Caitlin Wischermann: 'I truly believe that everyone can learn how to be a genius'

May 24, 2016

Caitlin Wischermann

Economics, Comparative LiteratureGerman Studies

Oberhausen, Germany

What was your most profound turning point while at Cornell?

At Cornell, you can be wrong. In fact, if you’re not wrong 98% of the time in class, you are probably not learning anything or not taking hard enough classes. Cornell taught me to push myself, but not in physical metrics like the heftiness of my course load or how many extracurriculars I could balance. My high school already did that. Cornell taught me how to become intelligent. The verb “taught” is very important here, because I truly believe that everyone can learn how to be a genius. Being a genius at Cornell means finding your craft, finding people you admire and finding it within yourself to accept that you are now at the bottom of the food chain. The type of humbleness that accompanies this type of thinking allows people to become truly intelligent. It allows people to see past their own judgments and admire that of the world around them – both perspectives they agree with and ones they disagree with.

What Cornell memory do you treasure the most?

I was the chapter president of my sorority last year, and when I was stepping down from my post, the chapter collectively rose and began sobbing and clapping. It is hard to put into words how touching that experience was. I had spent that year holding up our members and empowering them to believe in their own greatness unabashedly. We created a philanthropy football tournament in which anyone who supported literacy could compete, regardless of Greek-ness, age, identity or connections. And more than anything, we created an environment where women did not compete with women but rather became a remarkable tour-de-force for good in the community. The women who approached me afterward to thank me for not only changing our chapter but for inspiring them to pursue their dreams is a testament to that fact. I am so proud to have had that impact.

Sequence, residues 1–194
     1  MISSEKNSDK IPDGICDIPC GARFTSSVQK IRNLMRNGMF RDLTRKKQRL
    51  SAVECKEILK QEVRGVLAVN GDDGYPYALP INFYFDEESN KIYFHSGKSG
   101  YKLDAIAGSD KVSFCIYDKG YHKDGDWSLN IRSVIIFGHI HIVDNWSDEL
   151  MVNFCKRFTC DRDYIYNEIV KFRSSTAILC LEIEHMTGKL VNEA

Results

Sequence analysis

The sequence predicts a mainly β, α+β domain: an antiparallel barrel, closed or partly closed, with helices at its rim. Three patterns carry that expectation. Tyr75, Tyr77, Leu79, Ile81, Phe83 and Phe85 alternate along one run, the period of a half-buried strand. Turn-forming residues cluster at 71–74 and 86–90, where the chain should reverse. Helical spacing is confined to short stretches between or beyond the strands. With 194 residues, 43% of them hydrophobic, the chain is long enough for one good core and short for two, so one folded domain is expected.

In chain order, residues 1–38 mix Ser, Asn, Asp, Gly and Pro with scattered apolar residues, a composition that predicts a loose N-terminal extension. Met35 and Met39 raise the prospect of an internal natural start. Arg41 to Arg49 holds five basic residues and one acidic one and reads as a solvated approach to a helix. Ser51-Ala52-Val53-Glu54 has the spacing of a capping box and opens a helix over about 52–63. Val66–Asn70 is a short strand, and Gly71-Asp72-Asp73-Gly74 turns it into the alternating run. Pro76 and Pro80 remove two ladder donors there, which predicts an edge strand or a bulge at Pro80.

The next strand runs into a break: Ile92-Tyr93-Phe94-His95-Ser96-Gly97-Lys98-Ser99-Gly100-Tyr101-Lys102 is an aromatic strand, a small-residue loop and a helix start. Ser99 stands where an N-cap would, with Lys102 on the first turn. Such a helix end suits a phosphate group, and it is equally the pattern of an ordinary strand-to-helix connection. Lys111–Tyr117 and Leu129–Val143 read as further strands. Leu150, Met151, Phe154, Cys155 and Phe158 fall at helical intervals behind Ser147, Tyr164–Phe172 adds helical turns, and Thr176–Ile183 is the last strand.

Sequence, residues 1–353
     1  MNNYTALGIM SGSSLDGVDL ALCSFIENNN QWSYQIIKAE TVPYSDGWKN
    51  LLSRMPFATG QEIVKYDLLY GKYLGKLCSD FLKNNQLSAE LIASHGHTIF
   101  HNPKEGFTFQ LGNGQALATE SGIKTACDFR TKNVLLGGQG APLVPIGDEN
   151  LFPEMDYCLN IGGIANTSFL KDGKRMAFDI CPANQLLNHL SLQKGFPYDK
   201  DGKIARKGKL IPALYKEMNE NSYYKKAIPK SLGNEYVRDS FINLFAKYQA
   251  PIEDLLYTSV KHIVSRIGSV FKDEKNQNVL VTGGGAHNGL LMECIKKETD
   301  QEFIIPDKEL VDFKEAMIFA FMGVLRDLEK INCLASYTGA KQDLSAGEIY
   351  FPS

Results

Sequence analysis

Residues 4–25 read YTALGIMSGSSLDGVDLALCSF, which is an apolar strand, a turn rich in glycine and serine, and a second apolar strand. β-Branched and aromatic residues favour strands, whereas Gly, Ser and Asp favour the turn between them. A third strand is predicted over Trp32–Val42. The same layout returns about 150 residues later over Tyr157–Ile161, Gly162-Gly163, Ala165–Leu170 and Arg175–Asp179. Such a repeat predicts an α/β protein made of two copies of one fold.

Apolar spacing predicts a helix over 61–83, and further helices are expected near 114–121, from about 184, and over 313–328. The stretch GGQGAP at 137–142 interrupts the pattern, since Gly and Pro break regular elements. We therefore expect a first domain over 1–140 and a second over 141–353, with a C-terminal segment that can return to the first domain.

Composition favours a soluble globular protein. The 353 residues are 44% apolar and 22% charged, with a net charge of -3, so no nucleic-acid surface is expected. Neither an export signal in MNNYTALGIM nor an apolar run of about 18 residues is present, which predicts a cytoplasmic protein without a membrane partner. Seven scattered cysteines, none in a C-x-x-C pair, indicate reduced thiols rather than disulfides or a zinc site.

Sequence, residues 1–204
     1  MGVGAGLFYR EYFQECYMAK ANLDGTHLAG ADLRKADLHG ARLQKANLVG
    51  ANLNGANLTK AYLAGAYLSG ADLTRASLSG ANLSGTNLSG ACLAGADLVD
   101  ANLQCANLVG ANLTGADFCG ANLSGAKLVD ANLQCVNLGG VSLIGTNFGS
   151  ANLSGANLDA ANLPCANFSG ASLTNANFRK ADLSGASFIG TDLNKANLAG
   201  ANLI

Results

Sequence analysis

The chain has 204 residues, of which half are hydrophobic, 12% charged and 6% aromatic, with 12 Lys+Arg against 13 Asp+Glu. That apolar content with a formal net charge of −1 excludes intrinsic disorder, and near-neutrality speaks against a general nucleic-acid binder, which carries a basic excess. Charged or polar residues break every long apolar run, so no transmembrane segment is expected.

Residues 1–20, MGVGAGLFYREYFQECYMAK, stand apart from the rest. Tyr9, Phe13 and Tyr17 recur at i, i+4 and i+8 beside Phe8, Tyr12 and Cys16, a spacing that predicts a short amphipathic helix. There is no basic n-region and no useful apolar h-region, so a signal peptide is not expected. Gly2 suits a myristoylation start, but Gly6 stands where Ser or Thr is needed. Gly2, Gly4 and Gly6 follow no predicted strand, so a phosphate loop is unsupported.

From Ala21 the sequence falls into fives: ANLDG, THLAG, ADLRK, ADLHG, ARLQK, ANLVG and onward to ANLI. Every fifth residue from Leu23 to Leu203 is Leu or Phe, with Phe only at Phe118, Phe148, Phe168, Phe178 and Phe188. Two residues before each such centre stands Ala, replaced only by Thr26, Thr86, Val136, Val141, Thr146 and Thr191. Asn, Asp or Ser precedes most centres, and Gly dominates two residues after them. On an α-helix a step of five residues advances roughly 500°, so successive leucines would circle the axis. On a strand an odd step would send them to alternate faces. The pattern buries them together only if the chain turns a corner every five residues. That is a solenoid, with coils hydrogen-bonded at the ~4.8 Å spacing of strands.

What do you value about your liberal arts education?

Liberal arts is what allows people to grasp the big picture. I very consciously chose a liberal arts education because I wanted to learn from people in a variety of disciplines. I imagine that is visible from my breadth of majors. Because of my liberal arts education, I was given the opportunity to thoroughly understand the economic principles that govern businesses of all sizes, from large-scale depressions down to interest rates. And at the same time, I learned how to write persuasive arguments, in multiple languages.

 

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